4. This includes marketing and social media. Some people are born marketers and networkers, but you'll find that by and large, authors aren't necessarily social butterflies. I myself am a right-brained person who has always considered the concept of "selling" to have a used-car salesman feel to it... and now, here I am, confronted with my own business plan and marketing strategy. I've recently taken an online course and begun to learn that marketing is much less ... er, icky ... than I once believed, and I'm excited to get started. It is, however, another case of hard work and more time spent away from the page.
5. It's not our main source of income. I know that this isn't necessarily true of traditionally published authors, either ... but their income system works differently than an indie author's, too. We get nothing up front, no promise of a fixed sum with each book we write. Our revenue comes in quarterly royalty checks from whichever publishing outlet we've chosen... and it depends on our sales, which depend upon all of the other factors I've covered here, in addition to how good the book itself is. Which means - yes - indie authors do all of this while balancing full-time jobs. I think of it as being a super-hero, with the day job as my alter ego.
When you break all of this down, it equates to about 50% time spent marketing and promoting, and 50% spent writing. This goes up to 100% marketing, promoting, design, and formatting when a book release is on the horizon. Consider how much time the average full-time working person has to themselves when the day is done, and you'll see just how much an independent author has to bust their butt in order to get their book out into the world. Lazy? Easy way?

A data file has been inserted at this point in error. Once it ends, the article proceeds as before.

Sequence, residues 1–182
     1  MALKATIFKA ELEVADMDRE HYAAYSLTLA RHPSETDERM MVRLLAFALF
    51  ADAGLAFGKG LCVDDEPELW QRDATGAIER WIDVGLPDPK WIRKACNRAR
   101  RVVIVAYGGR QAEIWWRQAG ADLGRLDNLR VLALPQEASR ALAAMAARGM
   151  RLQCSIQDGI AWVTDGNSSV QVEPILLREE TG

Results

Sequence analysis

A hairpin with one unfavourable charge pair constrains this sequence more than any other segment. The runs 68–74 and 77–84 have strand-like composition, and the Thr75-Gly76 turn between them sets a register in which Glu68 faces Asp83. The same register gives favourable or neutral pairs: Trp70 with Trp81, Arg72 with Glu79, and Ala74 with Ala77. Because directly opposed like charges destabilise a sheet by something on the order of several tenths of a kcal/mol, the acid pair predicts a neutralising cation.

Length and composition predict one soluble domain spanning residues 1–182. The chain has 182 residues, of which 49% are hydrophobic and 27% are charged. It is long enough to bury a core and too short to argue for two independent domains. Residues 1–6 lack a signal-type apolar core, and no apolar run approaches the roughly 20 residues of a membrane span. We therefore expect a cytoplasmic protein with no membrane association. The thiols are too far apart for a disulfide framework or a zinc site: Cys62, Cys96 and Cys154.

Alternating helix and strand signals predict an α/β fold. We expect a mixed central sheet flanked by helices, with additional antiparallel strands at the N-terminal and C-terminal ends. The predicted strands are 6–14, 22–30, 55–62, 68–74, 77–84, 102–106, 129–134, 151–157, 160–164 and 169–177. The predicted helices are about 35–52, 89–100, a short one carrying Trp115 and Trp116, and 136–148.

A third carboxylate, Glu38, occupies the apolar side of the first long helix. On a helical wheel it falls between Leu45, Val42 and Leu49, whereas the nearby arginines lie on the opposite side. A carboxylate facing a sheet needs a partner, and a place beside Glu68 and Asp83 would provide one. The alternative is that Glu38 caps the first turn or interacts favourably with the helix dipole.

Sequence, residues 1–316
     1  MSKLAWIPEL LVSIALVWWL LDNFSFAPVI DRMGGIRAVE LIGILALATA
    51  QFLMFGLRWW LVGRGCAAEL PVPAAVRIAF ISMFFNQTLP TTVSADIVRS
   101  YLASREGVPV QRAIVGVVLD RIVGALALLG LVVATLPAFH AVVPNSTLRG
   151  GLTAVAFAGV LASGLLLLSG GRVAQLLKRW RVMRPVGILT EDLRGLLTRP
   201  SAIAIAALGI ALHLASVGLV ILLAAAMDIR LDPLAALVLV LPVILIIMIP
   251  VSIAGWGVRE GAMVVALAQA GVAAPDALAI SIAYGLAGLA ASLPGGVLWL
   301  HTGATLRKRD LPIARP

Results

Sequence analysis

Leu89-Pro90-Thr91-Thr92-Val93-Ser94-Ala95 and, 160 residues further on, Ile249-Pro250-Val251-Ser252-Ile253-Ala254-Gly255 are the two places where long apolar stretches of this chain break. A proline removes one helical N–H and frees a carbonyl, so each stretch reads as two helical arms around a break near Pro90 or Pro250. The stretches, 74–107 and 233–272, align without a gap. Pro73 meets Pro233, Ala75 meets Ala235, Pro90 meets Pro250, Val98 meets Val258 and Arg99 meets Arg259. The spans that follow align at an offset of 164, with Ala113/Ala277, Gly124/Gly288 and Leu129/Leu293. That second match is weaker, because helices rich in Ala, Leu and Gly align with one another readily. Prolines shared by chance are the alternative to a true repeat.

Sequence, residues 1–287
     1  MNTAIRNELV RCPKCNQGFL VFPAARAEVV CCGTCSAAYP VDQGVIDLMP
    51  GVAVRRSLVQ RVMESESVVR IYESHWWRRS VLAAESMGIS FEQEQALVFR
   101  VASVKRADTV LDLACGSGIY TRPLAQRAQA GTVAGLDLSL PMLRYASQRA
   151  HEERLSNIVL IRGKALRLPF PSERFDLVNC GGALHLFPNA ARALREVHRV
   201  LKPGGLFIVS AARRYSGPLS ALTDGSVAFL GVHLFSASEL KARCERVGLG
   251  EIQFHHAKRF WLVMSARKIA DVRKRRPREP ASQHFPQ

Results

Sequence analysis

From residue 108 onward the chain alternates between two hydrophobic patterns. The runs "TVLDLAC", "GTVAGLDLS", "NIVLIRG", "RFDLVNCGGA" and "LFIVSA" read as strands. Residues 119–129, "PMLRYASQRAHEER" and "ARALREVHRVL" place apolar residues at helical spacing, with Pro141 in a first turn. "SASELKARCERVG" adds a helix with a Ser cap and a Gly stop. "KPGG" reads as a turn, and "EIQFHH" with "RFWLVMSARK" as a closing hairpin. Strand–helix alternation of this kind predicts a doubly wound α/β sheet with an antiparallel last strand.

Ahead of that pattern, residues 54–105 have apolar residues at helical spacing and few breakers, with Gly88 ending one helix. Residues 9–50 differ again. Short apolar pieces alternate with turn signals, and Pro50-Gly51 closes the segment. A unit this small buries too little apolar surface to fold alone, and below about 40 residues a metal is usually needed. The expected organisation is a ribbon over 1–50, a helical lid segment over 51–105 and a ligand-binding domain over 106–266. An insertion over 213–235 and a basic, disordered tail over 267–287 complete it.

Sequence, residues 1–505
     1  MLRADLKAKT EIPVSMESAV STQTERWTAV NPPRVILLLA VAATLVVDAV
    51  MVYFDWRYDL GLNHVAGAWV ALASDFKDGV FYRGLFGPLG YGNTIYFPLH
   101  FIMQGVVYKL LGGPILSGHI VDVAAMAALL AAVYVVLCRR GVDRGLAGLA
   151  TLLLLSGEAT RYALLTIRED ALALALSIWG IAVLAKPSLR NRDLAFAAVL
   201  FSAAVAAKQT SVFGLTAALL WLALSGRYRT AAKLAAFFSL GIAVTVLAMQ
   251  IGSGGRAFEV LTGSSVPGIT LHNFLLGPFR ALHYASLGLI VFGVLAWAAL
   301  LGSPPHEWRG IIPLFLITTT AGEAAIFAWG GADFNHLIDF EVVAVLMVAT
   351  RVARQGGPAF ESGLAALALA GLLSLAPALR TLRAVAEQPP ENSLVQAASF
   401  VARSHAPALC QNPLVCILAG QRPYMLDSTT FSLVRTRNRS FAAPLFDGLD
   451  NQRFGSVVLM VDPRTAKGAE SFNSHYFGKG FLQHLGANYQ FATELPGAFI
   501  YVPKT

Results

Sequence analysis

If you've stumbled upon this post as a budding independent author, I don't want to discourage you by any means. Be proud of the choice you're making. Yes, independent authors do a LOT of work ... but we do it because we believe in what we're doing enough to devote ourselves to the work. We know where we're happiest: writing. We know that our creativity makes a difference in the world. We're not willing to jump through hoops or only "write what sells". We are making good art on our own terms, and for every person who says "hey, I'm reading your book", our spirits soar.
Every bird had to fall out of the nest and flap its wings like hell in order to learn to fly. Don't let a little hard work stop you from knowing how it feels to soar.
'Till next week,